The European data protection regulation (GDPR), introduced in 2018, set limits on the use of trackers that collect personal data. This data is used to target advertising to users. Vincent Lefrère, associate professor in digital economy at Institut Mines-Télécom Business School, worked with Alessandro Acquisti from Carnegie Mellon University to study the impact of the GDPR on tracking users in Europe and internationally.
What was your strategy for analyzing the impact of GDPR on tracking users in different countries?
Vincent Lefrère: We conducted our research on online media such as Le Monde in France or the New York Times in the United States. We looked at whether the introduction of the GDPR has had an impact on the extent to which users are tracked and the amount of personal data collected.
How were you able to carry out these analyses at the international level?
VL: The work was carried out in partnership with researchers at Carnegie Mellon University in the United States, in particular Alessandro Acquisti, who is one of the world’s specialists in personal digital data. We worked together to devise the experimental design and create a wider partnership with researchers at other American universities, in particular the Minnesota Carlson School of Management and Cornell University in New York.
How does the GDPR limit the collection of personal data?
VL: One of the fundamental principles of the GDPR is consent. This makes it possible to require websites that collect data to obtain users’ consent before tracking them. In our study, we never gave our consent or explicitly refused the collection of data. That way, we could observe how a website behaves in relation to a neutral user. Moreover, one of the important features of GDPR is that it applies to all parties who wish to process data pertaining to European citizens. As such, the New York Times must comply with the GDPR when a website visitor is European.
How did you compare the impact of the GDPR on different media?
VL: We logged into different media sites with IP addresses from different countries, in particular with French and American IP addresses.
We observed that American websites limit tracking more than European websites, and therefore better comply with the GDPR, but only when we were using a European IP address. It would therefore appear that the GDPR has been more dissuasive on American websites for these users. However, the American websites increased the tracking of American users, for whom the GDPR does not apply. One hypothesis is that this increase is used to offset the loss of data from European users.
How have online media adapted to the GDPR?
VL: We were able to observe a number of effects. First of all, online media websites have not really played along. Since mechanisms of consent are somewhat vague, the formats developed in recent years have often encouraged users to accept personal data collection rather than reject it. There are reasons for this: data collection has become crucial to the business model of these websites, but little has been done to offset the loss of data resulting from the introduction of the GDPR, so it is understandable that they have stretched the limits of the law in order to continue offering high quality content for free. With the recent update by the French National Commission on Information Technology and Liberties (CNIL) to fight against this, consent mechanisms will become clearer and more standardized.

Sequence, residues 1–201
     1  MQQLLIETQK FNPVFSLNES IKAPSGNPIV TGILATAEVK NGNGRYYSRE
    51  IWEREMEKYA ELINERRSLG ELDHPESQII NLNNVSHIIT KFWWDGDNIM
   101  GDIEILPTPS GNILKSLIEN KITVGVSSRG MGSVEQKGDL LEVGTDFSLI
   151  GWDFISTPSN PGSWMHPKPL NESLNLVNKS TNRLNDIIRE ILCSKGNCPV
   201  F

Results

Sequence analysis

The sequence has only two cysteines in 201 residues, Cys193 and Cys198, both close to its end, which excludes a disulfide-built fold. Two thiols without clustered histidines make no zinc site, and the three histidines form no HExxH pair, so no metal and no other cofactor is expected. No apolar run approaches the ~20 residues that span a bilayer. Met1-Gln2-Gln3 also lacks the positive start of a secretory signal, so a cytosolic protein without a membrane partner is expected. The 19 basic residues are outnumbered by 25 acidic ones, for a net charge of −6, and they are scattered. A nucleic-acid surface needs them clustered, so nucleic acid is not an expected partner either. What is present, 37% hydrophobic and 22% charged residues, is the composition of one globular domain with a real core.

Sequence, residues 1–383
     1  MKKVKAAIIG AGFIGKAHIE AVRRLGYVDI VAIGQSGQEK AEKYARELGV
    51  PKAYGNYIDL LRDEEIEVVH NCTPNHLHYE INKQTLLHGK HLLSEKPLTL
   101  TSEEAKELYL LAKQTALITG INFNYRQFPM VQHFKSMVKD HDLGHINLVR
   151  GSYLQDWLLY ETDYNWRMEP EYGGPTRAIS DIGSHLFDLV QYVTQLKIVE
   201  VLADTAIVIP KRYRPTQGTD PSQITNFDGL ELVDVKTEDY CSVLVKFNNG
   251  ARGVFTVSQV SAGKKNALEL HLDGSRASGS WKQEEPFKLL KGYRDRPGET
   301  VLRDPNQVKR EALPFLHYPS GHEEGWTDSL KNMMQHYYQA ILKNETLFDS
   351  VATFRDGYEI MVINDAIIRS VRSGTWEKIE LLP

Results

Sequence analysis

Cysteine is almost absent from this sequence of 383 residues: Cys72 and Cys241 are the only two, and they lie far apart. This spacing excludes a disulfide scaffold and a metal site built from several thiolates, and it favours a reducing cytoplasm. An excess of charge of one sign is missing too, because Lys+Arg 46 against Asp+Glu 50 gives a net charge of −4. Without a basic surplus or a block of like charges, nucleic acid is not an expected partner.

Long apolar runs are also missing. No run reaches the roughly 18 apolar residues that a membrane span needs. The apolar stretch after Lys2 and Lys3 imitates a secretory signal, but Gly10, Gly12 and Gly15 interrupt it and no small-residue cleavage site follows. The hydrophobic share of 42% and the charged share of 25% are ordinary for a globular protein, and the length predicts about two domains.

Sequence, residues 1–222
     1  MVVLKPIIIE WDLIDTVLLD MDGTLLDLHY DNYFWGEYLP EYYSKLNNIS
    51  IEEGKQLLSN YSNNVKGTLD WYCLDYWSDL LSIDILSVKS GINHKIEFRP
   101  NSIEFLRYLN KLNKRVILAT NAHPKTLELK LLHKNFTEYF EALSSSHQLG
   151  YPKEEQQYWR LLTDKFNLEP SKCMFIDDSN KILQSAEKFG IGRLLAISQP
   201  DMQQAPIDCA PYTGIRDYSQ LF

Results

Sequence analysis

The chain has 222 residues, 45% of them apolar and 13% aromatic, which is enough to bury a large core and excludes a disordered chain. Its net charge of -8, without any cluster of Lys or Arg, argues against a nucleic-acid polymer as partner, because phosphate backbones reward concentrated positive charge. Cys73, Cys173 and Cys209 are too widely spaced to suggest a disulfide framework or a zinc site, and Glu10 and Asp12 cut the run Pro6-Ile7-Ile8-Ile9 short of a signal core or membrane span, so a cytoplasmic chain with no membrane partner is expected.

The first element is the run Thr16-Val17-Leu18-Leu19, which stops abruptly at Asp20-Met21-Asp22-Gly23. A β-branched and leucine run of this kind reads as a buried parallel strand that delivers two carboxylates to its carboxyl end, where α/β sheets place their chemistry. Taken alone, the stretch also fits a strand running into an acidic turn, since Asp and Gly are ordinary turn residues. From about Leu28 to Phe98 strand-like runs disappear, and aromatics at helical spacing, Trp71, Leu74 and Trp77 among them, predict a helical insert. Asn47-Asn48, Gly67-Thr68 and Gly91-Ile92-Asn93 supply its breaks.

In addition, the GDPR has limited tracking of users by third parties, and replaced it with tracking by first parties. Before, when a user logged into a news site, other companies such as Google, Amazon or Facebook could collect their data directly on the website. Now, the website itself tracks data, which may then be shared with third parties.
Following the introduction of the GDPR, the market share of Google’s online advertising service increased in Europe, since Google is one of the few companies who could pay the quota for the regulation, meaning it could pay the price of ensuring compliance. This is an unintended, perverse consequence: smaller competitors have disappeared and there has been a concentration of ownership of data by Google.
Has the GDPR had an effect on the content produced by the media?
VL: We measured the quantity and quality of content produced by the media. Quantity simply reflects the number of posts. The quality is assessed by the user engagement rate, meaning the number of comments or likes, as well as the number of pages viewed each time a user visits the website.
In the theoretical framework for our research, online media websites use targeted advertising to generate revenue. Since the GDPR makes access to data more difficult, it could decrease websites’ financing capacity and therefore lead to a reduction in content quality or quantity. By verifying these aspects, we can gain insights into the role of personal data and targeted advertising in the business model for this system.
Our preliminary results show that after the introduction of the GDPR, the quantity of content produced by European websites was not affected, and the amount of engagement remained stable. However, European users reduced the amount of time they spent on European websites in comparison to American websites. This could be due to the the fact that certain American websites may have prohibited access to European users, or that American websites covered European topics less since attracting European users had become less profitable. These are hypotheses that we are currently discussing.
We are assessing these possible explanations by analyzing data about the newspapers’ business models, in order to estimate how important personal data and targeted advertising are to these business models.
By Antonin Counillon